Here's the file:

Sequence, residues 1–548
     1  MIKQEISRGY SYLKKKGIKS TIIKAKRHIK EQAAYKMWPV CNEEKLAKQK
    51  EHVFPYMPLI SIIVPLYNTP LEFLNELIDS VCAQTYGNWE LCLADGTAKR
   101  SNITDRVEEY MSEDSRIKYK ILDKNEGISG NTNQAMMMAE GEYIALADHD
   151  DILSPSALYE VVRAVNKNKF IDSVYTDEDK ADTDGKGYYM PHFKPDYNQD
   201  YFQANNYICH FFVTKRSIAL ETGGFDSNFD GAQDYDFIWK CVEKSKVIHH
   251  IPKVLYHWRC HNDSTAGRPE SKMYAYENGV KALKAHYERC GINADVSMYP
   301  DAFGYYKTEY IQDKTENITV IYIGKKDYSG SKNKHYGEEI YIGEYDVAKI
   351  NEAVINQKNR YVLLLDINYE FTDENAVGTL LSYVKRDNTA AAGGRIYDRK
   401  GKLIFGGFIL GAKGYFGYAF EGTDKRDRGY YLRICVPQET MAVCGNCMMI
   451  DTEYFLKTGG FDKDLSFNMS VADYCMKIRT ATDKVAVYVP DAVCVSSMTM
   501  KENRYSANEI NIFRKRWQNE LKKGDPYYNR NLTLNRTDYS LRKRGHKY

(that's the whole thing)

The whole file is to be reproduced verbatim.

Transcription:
Sequence, residues 1–548
     1  MIKQEISRGY SYLKKKGIKS TIIKAKRHIK EQAAYKMWPV CNEEKLAKQK
    51  EHVFPYMPLI SIIVPLYNTP LEFLNELIDS VCAQTYGNWE LCLADGTAKR
   101  SNITDRVEEY MSEDSRIKYK ILDKNEGISG NTNQAMMMAE GEYIALADHD
   151  DILSPSALYE VVRAVNKNKF IDSVYTDEDK ADTDGKGYYM PHFKPDYNQD
   201  YFQANNYICH FFVTKRSIAL ETGGFDSNFD GAQDYDFIWK CVEKSKVIHH
   251  IPKVLYHWRC HNDSTAGRPE SKMYAYENGV KALKAHYERC GINADVSMYP
   301  DAFGYYKTEY IQDKTENITV IYIGKKDYSG SKNKHYGEEI YIGEYDVAKI
   351  NEAVINQKNR YVLLLDINYE FTDENAVGTL LSYVKRDNTA AAGGRIYDRK
   401  GKLIFGGFIL GAKGYFGYAF EGTDKRDRGY YLRICVPQET MAVCGNCMMI
   451  DTEYFLKTGG FDKDLSFNMS VADYCMKIRT ATDKVAVYVP DAVCVSSMTM
   501  KENRYSANEI NIFRKRWQNE LKKGDPYYNR NLTLNRTDYS LRKRGHKY